I think the last time I was in a real strip club was in 1998 in Tampa. I was with some male friends, attending baseball spring training. One night, after dinner, someone suggested we stop by the Tonga Room, a "gentleman's club" that was on our route back to the hotel. Seemed like a great idea at the time.
Inside, there were a lot of men and a lot of mostly undressed women parading around collecting folding money for dancing on the tiny stages and sitting on people's laps. After an hour or so, we left, having each dropped at least $50 for drinks and tips. Nobody did anything stupid, and we had a few laughs about the adventure the next day.
Memphis had a bunch of thriving strip clubs for decades. Journalist Suzi Parker wrote a book called Sex in the South. Her chapter on the now-defunct Platinum Plus club was pretty juicy. Then, in 1996, attorney Larry Parrish, under the auspices of the district attorney's office, and funded by money contributed by a local Christian group, went after the clubs. (The photos of the cops doing the "investigating" were priceless.) The Flyer ran a bunch of stories about the crackdown, and there was eventually a ruling that the district attorney couldn't use private money to conduct a public investigation.
But that was then. Now, as readers of this week's cover story will learn, you'll see more flesh at your local swimming pool than you will at a Memphis "strip club." The clubs are hurting, business is down, nobody has any skin in the game, so to speak. Some folks, of course, think this is peachy. They want to put the strip clubs out of business. It won't happen. There will always be a market for sex, whether it's via strip clubs, prostitution, or the Internet. If clubs can't operate in Shelby County, they'll set up across the state or county line, or they'll become "private" clubs.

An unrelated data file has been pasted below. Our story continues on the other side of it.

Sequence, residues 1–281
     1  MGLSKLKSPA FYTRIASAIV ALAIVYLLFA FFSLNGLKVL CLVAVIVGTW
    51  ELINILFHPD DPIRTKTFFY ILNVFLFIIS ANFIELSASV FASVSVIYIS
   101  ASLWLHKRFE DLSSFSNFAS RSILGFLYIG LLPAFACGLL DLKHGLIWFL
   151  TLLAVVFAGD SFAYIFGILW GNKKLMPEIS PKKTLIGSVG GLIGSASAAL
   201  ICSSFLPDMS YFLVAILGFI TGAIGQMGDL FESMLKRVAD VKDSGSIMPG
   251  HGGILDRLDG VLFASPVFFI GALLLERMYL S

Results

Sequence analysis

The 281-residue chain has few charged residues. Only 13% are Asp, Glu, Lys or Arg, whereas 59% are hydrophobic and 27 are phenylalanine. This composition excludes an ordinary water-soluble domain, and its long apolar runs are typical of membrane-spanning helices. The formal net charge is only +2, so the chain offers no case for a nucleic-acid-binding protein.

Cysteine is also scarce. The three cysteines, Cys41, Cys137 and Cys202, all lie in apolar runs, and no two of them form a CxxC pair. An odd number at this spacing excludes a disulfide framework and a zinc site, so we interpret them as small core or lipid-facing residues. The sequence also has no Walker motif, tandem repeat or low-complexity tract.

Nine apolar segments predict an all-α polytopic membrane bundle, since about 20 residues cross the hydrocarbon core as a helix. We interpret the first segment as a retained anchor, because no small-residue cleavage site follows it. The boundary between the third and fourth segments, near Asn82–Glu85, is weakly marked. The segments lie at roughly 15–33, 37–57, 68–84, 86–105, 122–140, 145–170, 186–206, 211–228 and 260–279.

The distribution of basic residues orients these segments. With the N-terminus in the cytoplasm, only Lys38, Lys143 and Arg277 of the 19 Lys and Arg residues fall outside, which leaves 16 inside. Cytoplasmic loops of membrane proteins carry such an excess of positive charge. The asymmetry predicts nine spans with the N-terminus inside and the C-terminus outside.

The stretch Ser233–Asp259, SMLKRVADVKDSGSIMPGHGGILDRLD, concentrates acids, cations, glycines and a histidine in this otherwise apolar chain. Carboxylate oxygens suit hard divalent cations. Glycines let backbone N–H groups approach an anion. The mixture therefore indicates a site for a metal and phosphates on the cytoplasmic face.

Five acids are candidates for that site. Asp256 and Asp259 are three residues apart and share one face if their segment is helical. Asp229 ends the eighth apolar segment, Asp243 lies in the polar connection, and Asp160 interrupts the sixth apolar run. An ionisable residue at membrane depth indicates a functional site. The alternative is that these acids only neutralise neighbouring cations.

Strippers will strip somewhere, and people will pay to see it. It's a rare city that doesn't have clubs. In New Orleans, for example, strip clubs are integrated into the Bourbon Street scene. Councilman Shea Flinn has proposed that Memphis create an "adult-oriented business" district, where the clubs would be regulated and confined to a particular area. (I think one of our many abandoned "strip" malls would be an appropriate spot.) This idea, however, makes entirely too much sense to ever get passed in today's political climate. For now, the clubs will just have to grin and not bare it.